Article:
BOSTON — At 3:15 p.m. Saturday, there was reason to believe the New York Rangers could end the day with sole possession of the Metro Division’s No. 1 spot. Chief among them was the Carolina Hurricanes, who trailed the New Jersey Devils by two goals with less than five minutes left.
But at the start of the hour, the Canes rallied to force extra time. And at 3:16, when the puck was dropped between the Blueshirts and the Bruins, Carolina had completed its victory to secure two points in the standings. (For the Twitter crowd, I promise not to share any more out-of-town scores until they’re final.)
That meant the Rangers needed to beat Boston to keep pace with the race, but instead a 3-1 loss at TD Garden dropped them to second place with three games remaining in the regular season.
“We watched it because you always watch a game,” Rangers coach Gerard Gallant said when asked about the Hurricanes result. “It was 2-0, then all of a sudden it was 3-2. … We want to finish first. We want to win every game we play. But at the end of the day, when the season is over, if us “I’m first or second, we always have home ice. It’s like that, but we want to try to win as many games as possible.”
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A win would have increased the likelihood of a Rangers-Bruins first-round series, with the B’s currently positioned to open against the Metro Division champion. The second will face the Pittsburgh Penguins or Washington Capitals, with the Pens edging out the Caps with their 7-2 win over the Detroit Red Wings on Saturday.
Do you have all that? Good.
To continue with the hypotheticals, the Rangers (51-22-6) still have a chance to clinch first place. They host the Hurricanes in their next game on Tuesday in what could be a four-point swing. Carolina will enter with a lead of at least two points, but could extend it to four with a win over the Islanders on Sunday.
Shorthanded Rangers face reinforced Bruins
The shorthanded Rangers held their ground.
Playing without injured forwards Filip Chytil, Andrew Copp and Kaapo Kakko – all of whom should be ready for the start of the playoffs on May 2 or 3 – the Blueshirts generated plenty of time in the offensive zone and a total of 31 shots on goal. .
Julien Gauthier and Greg McKegg replaced Chytil and Copp, both injured in Thursday’s 6-3 win over the Isles. They have combined to play just five games since the March 21 trade deadline.
“It’s tough for these guys coming in,” Gallant said. “They haven’t played in – I don’t know how long – and they tried their best. They worked hard and that’s part of the game. They have to stay ready, and they know that. That’s which it is, but the playoffs are coming up and we have 27, 28 guys that are going to be hanging around. They have to make sure they’re ready when they come in, and I think they’ve been playing well.
On the other side, Boston picked up three key players from injury on Saturday — forward David Pastrnak, defenseman Hampus Lindholm and goaltender Linus Ullmark — to bring their team back together.
“I think we played well most of the time,” Gallant said. “We played a good team today. Boston was back to full roster, they were excited and they played well.”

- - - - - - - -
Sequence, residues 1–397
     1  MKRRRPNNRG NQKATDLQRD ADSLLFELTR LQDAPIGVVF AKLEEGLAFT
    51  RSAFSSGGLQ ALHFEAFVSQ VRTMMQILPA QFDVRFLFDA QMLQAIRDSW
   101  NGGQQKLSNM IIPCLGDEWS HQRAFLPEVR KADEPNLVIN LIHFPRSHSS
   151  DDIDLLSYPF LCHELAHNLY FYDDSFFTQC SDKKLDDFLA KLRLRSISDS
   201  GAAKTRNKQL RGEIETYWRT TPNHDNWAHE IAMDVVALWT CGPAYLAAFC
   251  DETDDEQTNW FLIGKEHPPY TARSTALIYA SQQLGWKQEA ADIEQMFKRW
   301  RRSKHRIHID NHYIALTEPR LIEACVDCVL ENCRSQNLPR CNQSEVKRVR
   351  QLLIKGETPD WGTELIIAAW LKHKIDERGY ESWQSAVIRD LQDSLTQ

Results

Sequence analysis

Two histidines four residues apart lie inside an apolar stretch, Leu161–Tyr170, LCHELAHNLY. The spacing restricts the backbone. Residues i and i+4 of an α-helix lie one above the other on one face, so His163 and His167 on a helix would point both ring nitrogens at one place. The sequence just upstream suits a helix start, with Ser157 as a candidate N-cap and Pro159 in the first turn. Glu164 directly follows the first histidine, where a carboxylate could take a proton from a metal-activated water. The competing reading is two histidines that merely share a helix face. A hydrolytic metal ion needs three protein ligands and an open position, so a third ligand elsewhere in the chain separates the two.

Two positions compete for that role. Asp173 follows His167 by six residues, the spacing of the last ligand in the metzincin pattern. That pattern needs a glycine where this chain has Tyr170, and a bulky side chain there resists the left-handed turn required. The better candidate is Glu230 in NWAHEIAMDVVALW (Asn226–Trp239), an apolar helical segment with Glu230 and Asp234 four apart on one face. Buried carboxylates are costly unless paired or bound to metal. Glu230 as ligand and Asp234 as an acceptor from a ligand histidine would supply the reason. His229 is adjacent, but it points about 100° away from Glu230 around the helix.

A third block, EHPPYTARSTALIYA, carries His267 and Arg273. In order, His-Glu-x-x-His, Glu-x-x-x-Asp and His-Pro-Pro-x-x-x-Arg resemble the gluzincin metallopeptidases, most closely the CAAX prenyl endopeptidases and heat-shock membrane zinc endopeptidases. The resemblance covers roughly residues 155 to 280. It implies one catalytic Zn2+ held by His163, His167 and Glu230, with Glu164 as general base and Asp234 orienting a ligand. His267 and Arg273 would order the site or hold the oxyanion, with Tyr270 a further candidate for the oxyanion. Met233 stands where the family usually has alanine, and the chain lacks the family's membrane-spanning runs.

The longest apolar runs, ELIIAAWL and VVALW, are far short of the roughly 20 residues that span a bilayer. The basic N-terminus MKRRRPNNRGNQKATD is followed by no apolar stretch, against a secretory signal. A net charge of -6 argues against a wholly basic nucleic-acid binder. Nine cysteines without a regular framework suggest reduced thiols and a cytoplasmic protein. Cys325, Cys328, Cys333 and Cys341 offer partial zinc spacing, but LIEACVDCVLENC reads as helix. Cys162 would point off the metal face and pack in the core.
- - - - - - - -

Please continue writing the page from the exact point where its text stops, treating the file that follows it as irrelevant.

How did that happen
The Bruins’ three comebacks played a role in the victory.
It all started with Pastrnak, who scored his 39th goal of the season late in the first period. He capitalized on a Rangers disappointment that led to a pointing opportunity, finishing a one-timer on a Charlie McAvoy wire to make it 1-0 with 35 seconds left until intermission.
The momentum carried in the second. With just 1:07 left in the period, a turnover from Adam Fox led to a breakaway goal from Taylor Hall and made it 2-0.
Rangers kept pushing, but Ullmark made some key saves on Mika Zibanejad and Frank Vatrano late in the second.
“I thought we looked good,” Zibanejad said. “We kept telling each other to keep going. Their goalkeeper played very well. He made some very good saves. They’re a good team, but I think we still managed to create chances.
They finally broke through in the third, when a power play goal on a Zibanejad one-timer cut the deficit to 2-1. But Trent Frederic added a crucial insurance goal for the Bruins with 10:23 to go to secure the victory.
Igor Shesterkin finished with 32 saves, the Blueshirts allowing their highest shot total (35) in 16 games since March 20.
“The game went both ways,” Barclay Goodrow said. “At times they had us in our zone. But for a lot of it we controlled it in their zone. … Overall it was a pretty close game. Let’s move on.”
The Rangers finished the regular season 2-1 against Boston and will have to wait and see if their paths cross again.
They had won seven of their previous eight games overall, but only one came against an opponent heading to the playoffs. That’s no reason to jump to blanket conclusions, with Rangers 19-15-2 this season against teams that are currently in playoff position. They’ve proven they can beat any Eastern Conference team on any night, but nothing’s for sure. (Pittsburgh still feels like the more favorable opponent given the Rangers’ three straight head-to-head wins.)
If they did end up facing the Bruins – what Gallant described as playing “a real good defensive structured game and they don’t give you much” – in a seven-game series, it would look like a toss-up, with cases to be made for each side.
“As far as intensity, I thought we had it,” Goodrow said. “Obviously they’re preparing for the playoffs just like us. It was good to play one of those teams.”
Vincent Z. Mercogliano is the New York Rangers reporter for the USA TODAY Network. Learn more about his work at lohud.com/sports/rangers/ and follow him on Twitter @vzmercogliano.